President Donald Trump has asserted rarely used emergency powers to sidestep congressional objections, and give the green light to the controversial sale of weapons to Saudia Arabia and the United Arab Emirates, a move that comes as tensions boil over with Iran.
US Secretary of State Mike Pompeo notified lawmakers Friday that the president was claiming a national emergency existed because of a purported threat from Iran and was, as a result, giving permission for 22 arms deals valued at $8.1 billion.
In each of his letters notifying lawmakers of the decision, Pompeo stated that he had “determined that an emergency exists which requires the proposed sale in the national security interest of the United States and thus, waives the congressional review requirements” — without noting the nature of the emergency or offering details about it.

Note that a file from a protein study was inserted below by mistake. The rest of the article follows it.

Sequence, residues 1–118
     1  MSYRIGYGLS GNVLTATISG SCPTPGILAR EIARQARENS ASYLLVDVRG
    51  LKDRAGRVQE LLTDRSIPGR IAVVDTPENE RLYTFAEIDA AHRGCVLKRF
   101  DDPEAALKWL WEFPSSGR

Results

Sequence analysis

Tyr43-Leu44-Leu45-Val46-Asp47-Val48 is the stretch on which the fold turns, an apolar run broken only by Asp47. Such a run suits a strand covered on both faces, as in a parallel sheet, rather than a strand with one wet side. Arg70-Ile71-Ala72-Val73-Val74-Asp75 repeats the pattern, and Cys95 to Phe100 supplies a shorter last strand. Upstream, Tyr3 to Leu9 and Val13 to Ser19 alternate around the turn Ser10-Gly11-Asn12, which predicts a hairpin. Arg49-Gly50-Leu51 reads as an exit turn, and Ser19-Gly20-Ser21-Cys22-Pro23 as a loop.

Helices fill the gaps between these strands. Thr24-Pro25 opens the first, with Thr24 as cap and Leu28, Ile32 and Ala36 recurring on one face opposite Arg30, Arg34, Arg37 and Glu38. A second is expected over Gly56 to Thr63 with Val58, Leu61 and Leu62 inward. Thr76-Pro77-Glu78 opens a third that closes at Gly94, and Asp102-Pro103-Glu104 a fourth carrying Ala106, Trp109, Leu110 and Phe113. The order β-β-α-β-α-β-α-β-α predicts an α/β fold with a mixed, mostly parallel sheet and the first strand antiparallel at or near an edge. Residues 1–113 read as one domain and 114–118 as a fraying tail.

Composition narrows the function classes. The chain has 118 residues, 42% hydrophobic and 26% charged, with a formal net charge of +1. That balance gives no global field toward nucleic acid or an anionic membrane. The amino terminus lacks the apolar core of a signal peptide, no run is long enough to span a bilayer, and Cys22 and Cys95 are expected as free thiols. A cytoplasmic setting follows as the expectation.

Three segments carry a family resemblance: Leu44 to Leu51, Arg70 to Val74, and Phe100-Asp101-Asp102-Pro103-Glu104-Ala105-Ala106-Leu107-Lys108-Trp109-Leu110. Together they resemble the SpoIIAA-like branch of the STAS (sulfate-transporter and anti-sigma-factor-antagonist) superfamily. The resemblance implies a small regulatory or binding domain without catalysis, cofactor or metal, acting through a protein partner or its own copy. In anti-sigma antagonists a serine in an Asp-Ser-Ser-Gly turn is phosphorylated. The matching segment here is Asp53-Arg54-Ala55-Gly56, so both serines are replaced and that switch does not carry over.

He added that the government had “taken into account political, military, economic, human rights, and arms control considerations.”
Pompeo’s notification letters, according to the Washington Post, “effectively give the Trump administration a green light to conclude the sale and transfer of bombs, missile systems, semiautomatic rifles, drones and repair and maintenance services to aid the Saudi air fleet, and precision-guided munitions that lawmakers fear Saudi Arabia may use against civilians in Yemen’s civil war.”
Sen. Robert Menendez (D-N.J.), the ranking Democrat on the Senate Foreign Relations Committee, said in a statement that Trump had “failed once again to prioritize our long term national security interests or stand up for human rights, and instead is granting favors to authoritarian countries like Saudi Arabia.”
Foreign Relations Committee Chairman James E. Risch (R-Idaho) said in a statement that he was “reviewing and analyzing the legal justification for this action and the associated implications.